Midwife Job Description
Nurse midwives are considered advanced practice registered nurses (APRNs) who provide primary and specialty care to women. These nurses are specifically trained to provide family planning services, prenatal care, and gynecological exams for women. They also provide care for newborn babies and mothers after delivery. Other job duties may include:
- Delivering babies
- Handling labor emergencies
- Educating patients
- Assisting with cesarean births
- Discussing sexual or reproductive health issues with partners
- Repairing cuts/tears from birth
- Assessing patients
- Diagnosing health issues
- Administering medication/treatment
According to the U.S. Bureau of Labor Statistics (BLS), nurse midwives made an average annual salary of $106,910 in 2018. These nurses most commonly worked in offices of physicians and made an average of $103,260. Nurse midwives that worked for local governments, excluding schools and hospitals, made the highest average salary at $155,650.
PayScale.com reported that the median salary for a Certified Nurse Midwife (CNM) was $93,030, as of September 2019. This salary could vary based on factors like location, specific skill sets, and experience. For example, a CNM with 20 years or more experience was reported to have a median salary of $103,523, while those with 10 to 19 years of experience reported a median of $98,588.
The BLS reported a job outlook of 26% for nurse anesthetists, nurse midwives, and nurse practitioners from 2018 to 2028, which is much faster than the national average. The BLS also reported a job outlook of 16% specifically for nurse midwives during the same period. The website notes that nurse midwife is a small occupation, so this growth may only mean about 1,000 new jobs for the specialty. In general, the high rate of growth is attributed to the growing need for health services.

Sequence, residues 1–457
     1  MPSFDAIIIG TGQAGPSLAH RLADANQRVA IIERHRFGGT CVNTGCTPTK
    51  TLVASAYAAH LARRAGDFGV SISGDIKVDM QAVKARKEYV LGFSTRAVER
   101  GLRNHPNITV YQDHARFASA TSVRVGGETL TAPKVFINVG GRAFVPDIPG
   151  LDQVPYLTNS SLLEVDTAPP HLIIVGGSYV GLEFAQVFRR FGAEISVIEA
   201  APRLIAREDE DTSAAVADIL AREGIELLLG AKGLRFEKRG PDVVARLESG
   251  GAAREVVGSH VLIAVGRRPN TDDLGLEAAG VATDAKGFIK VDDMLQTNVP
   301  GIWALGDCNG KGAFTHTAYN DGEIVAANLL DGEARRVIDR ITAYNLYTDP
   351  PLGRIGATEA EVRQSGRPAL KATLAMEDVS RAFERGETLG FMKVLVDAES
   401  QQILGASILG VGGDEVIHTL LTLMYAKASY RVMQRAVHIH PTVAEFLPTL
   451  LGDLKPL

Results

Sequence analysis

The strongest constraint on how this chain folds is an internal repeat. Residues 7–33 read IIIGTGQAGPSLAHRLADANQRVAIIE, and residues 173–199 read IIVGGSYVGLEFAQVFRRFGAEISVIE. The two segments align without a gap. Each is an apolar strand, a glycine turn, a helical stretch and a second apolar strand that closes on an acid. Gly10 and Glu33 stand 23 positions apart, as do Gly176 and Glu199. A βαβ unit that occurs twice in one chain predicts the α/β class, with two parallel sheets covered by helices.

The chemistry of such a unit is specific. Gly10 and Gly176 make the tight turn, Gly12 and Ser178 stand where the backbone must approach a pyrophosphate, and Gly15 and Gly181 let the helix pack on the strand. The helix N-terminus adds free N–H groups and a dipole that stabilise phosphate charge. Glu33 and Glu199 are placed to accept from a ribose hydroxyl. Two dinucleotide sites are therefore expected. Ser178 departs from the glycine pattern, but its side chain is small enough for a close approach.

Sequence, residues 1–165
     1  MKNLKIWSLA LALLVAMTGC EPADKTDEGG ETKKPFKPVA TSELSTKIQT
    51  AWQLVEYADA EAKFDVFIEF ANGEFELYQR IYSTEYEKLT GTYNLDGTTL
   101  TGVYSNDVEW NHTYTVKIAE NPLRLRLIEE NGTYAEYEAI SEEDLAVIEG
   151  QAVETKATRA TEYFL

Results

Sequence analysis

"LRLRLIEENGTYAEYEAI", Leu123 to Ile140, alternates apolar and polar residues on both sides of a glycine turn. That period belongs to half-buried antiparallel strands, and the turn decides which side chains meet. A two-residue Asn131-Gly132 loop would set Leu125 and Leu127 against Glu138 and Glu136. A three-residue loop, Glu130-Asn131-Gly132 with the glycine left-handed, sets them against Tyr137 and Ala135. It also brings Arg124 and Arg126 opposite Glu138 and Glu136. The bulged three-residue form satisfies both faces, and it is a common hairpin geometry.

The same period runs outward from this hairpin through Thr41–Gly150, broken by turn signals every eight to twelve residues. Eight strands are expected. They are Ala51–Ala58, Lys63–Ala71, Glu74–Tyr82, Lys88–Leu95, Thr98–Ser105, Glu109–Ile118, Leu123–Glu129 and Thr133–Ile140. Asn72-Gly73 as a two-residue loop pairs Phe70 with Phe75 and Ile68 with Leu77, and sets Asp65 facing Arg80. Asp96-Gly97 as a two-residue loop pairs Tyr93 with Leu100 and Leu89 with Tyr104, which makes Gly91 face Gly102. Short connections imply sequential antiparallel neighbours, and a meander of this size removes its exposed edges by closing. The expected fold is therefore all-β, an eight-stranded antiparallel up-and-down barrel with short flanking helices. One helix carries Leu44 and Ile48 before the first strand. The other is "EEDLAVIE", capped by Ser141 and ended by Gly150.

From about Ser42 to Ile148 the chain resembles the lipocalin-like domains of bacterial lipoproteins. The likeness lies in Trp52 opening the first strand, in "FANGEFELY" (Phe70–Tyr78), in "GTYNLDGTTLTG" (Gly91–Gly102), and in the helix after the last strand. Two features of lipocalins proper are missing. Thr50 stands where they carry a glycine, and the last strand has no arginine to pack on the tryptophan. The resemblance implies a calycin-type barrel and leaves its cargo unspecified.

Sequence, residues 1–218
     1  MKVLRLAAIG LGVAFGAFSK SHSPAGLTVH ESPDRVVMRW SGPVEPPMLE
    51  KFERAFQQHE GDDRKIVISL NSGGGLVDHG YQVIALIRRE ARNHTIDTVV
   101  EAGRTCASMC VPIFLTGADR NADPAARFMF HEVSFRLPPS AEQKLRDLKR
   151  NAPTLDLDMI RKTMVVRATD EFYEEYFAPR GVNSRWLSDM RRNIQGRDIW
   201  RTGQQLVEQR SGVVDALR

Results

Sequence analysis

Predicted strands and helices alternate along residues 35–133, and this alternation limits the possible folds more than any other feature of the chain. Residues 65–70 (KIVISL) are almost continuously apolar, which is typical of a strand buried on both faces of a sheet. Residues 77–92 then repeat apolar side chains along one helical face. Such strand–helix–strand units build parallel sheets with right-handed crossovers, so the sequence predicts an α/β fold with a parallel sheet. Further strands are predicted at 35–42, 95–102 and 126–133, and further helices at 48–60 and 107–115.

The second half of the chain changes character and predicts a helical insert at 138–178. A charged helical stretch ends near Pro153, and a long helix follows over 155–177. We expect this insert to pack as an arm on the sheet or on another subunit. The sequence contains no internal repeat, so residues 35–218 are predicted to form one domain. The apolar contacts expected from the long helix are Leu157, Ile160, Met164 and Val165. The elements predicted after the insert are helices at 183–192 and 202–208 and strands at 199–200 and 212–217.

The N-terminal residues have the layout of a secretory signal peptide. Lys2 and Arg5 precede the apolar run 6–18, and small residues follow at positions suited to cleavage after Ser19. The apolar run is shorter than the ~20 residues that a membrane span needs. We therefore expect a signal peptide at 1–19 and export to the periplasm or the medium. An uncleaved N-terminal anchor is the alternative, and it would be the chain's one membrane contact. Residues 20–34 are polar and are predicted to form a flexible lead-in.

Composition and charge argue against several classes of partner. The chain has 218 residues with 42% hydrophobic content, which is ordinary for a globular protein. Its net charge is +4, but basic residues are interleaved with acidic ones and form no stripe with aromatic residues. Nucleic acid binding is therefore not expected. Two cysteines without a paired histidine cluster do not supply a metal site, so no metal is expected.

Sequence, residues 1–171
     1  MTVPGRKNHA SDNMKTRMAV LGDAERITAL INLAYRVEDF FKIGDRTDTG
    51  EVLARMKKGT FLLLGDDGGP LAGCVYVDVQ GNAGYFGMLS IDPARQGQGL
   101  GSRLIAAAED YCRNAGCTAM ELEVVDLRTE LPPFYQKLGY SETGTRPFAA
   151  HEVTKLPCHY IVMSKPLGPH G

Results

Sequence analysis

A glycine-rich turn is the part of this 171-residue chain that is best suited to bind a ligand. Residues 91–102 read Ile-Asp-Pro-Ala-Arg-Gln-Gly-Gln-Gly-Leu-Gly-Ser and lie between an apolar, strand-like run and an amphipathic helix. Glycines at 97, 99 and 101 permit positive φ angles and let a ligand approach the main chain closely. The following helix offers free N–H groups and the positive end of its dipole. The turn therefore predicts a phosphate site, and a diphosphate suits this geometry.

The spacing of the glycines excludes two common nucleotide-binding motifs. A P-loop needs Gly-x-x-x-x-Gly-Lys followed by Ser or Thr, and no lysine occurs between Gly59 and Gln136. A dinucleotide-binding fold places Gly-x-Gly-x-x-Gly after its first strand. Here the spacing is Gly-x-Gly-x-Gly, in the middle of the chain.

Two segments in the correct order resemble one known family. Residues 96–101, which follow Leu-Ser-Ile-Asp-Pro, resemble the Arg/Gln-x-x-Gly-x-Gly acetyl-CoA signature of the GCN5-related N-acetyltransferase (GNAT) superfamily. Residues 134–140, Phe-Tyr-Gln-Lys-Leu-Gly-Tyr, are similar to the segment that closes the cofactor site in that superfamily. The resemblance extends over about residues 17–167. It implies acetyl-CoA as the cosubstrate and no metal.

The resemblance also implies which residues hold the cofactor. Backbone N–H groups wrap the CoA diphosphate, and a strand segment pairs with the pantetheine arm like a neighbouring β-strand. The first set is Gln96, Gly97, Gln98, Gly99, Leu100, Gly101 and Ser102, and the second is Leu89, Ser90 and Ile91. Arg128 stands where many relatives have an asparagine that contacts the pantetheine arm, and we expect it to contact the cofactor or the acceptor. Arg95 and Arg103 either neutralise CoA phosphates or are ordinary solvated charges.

How to Become a Certified Nurse Midwife
Those wishing to become a CNM need to complete formal education at the undergraduate and graduate levels and then pursue certification in the field. Here we discuss each of those steps in more detail.
Midwife Education Requirements
Midwife schooling usually begins with an RN (registered nurse) credential. This can be accomplished by earning a diploma, associate's, or bachelor's degree in nursing and then passing the National Council Licensure Examination (NCLEX-RN). However, those considering becoming an APRN should pursue a bachelor's degree in nursing, as that is the preferred education for APRN candidates. There is a wide range of RN colleges available around the country.
After becoming an RN, aspiring midwives should earn a Master of Science in Nursing (MSN) with a nurse-midwifery program. Some of these degree programs are available in hybrid formats and some nurse practitioner schools may offer joint programs in nurse midwifery and women's health nurse practitioner.
These master's degree programs can usually be completed in about 2 years and include various hands-on clinical experiences in the field. Students may take courses in topics like:
- Care of newborns
- Midwifery management
- Antepartum care
- Postpartum care
- Health assessment
After completing their master's in nurse midwifery, graduates can sit for the American Midwifery Certification Board (AMCB) examination to become a CNM. Once they earn their certification, CNMs must recertify every 5 years through AMCB's Certificate Maintenance Program. CNMs must also meet their specific state requirements to practice, but this typically requires an RN license, master's degree, and certification in their specialization, which CNMs will have already.